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Here’s a step-by-step guide on how to safely and properly re-grip a golf club, and a comprehensive list of the tools you’ll need.

Leave your requests for more “how-to” club building tutorials in the comments below, or Tweet them @RDSBarath.

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Ryan Barath is a writer & the Digital Content Creation Lead for GolfWRX. He also hosts the "On Spec" Podcast on GolfWRX Radio discussing everything golf, including gear, technology, fitting, and course architecture. He is a club fitter & master club builder who has more than 16 years experience working with golfers of all skill levels, including PGA Tour professionals. He studied business and marketing at the Mohawk College in Hamilton, Ontario, Canada, and is the former Build Shop Manager & Social Media Coordinator for Modern Golf. He now works independently from his home shop in Hamilton and is a member of advisory panels to a select number of golf equipment manufacturers, including True Temper. You can find Ryan on Twitter and Instagram where he's always willing to chat golf, from course architecture to physics, and share his passion for club building, and wedge grinding.



  1. geohogan

    Feb 6, 2019 at 1:33 pm

    A tip from Steve Elkington, is to stick a tee
    into the grip end before pushing it over the tape, covered in solvent.
    The grip will go on easier and air will escape after tee is pulled.

  2. Steve S

    Nov 5, 2017 at 9:18 am

    Used both air compressor and solvent methods. Use compressor when I’m in a hurry and want to use the club immediately or when alignment is critical and I want to fiddle with the adjustment. Don’t use it with cord grips since it is potentially dangerous and it’s more difficult since they don’t expand well or evenly.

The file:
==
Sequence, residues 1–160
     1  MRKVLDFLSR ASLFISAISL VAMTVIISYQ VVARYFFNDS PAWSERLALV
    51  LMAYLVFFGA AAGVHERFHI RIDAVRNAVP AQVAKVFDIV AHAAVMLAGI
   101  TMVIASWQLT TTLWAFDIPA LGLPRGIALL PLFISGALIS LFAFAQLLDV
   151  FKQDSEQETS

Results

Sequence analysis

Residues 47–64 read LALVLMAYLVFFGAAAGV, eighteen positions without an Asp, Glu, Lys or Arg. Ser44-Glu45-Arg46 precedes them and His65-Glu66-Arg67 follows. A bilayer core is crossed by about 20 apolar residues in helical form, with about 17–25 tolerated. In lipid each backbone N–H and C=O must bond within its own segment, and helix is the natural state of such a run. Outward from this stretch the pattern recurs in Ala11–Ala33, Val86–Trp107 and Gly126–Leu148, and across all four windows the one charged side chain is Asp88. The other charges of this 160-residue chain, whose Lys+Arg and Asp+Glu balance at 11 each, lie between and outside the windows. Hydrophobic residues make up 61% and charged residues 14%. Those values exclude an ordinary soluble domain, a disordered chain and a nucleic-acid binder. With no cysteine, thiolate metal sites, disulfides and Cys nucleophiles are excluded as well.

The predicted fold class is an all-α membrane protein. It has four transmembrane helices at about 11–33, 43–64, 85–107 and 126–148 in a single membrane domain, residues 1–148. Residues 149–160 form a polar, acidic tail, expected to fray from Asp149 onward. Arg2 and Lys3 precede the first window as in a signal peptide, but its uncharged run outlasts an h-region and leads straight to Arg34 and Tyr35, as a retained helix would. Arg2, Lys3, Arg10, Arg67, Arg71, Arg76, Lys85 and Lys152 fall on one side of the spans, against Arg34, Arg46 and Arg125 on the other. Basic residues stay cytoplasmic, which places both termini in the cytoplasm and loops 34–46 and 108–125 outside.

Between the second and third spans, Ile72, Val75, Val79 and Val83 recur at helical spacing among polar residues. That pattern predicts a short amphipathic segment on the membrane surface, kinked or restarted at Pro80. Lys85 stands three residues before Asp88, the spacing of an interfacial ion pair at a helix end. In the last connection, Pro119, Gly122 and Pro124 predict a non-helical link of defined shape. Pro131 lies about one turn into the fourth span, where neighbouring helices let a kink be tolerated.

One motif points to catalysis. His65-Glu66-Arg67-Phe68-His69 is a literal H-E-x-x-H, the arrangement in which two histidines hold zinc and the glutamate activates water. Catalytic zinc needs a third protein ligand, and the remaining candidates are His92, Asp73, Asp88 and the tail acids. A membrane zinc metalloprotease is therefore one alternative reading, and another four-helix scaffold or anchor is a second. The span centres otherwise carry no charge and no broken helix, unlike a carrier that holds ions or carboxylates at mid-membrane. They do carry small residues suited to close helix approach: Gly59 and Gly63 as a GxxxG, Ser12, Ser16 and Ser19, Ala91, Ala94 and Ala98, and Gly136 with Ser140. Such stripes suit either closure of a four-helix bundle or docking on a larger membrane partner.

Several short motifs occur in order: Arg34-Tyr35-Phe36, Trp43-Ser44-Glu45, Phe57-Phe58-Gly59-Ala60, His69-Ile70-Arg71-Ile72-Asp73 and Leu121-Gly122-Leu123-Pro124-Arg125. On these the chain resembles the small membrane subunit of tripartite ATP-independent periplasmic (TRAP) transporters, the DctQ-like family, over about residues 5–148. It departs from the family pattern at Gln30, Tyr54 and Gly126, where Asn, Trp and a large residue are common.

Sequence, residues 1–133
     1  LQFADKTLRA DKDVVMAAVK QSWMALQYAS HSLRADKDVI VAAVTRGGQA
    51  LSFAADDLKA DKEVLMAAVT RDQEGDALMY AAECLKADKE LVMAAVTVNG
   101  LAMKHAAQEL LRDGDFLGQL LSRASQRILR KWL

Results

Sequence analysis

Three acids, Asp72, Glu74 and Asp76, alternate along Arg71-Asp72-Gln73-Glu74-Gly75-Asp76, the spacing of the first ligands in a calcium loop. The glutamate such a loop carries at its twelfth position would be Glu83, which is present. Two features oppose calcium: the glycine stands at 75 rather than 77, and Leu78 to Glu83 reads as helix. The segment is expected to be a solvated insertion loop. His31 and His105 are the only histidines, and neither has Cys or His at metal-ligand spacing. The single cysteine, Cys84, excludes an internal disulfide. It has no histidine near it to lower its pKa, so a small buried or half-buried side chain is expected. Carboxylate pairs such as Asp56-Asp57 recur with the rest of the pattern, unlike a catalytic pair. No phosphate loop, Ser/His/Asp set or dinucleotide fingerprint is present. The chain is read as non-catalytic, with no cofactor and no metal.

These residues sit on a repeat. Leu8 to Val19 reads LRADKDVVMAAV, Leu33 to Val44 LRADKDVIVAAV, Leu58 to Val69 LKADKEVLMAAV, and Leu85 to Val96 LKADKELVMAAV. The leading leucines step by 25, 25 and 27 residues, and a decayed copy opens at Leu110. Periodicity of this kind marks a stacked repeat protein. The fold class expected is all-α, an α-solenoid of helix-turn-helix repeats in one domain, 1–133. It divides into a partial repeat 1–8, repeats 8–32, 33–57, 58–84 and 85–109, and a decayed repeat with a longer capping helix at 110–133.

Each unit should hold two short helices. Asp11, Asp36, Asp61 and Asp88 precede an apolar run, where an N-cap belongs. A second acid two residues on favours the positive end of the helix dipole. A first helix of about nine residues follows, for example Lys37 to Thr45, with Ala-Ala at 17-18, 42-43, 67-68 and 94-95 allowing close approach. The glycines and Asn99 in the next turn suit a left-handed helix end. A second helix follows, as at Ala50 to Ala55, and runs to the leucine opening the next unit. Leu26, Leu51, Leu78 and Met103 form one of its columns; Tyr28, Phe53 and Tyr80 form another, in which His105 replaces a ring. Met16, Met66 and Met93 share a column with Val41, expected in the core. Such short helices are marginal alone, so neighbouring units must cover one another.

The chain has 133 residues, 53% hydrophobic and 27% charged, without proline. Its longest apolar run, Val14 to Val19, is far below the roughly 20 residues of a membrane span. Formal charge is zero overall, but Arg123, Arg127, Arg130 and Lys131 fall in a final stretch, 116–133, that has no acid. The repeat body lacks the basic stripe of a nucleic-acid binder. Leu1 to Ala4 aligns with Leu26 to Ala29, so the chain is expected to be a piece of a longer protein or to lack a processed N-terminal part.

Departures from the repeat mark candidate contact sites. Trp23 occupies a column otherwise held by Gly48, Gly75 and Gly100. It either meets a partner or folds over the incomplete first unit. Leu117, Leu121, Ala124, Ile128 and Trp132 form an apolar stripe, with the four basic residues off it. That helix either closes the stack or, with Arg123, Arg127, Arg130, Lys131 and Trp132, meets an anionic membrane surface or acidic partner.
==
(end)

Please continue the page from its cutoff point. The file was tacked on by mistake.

3. Acew7iron

    Nov 1, 2017 at 8:04 pm

    I tell you what…you have someone blow one on compressor style with masking tape and do in in Texas Or Timbuktu then video tape you coming out of your shoes and making it slip,turn or come off.

    If you have the money to throw away on grips more power to you but Ill never use the sticky icky any more Compressor install = Better

  4. sk33tr

    Nov 1, 2017 at 5:03 pm

    Nice refresher! Thanks! Did you get work setup through Golf Works?

  5. Larry

    Nov 1, 2017 at 11:46 am

    Great video and a good refresher for me. One observation – when removing the grip. I’ve always been told that removing a grip on a GRAPHITE shaft, to never use a traditional blade as it would score & weaken the fibers of the shaft. I’m assuming you used a hook blade…..but you may want to point that out to those that are new to regripping. Thanks again.

  6. Ryan Barath

    Oct 31, 2017 at 9:53 pm

    Thanks for checking this out guys!

    The micro torch is used if the tape is really stuck on the shaft. The key is just to not apply too much heat when doing it.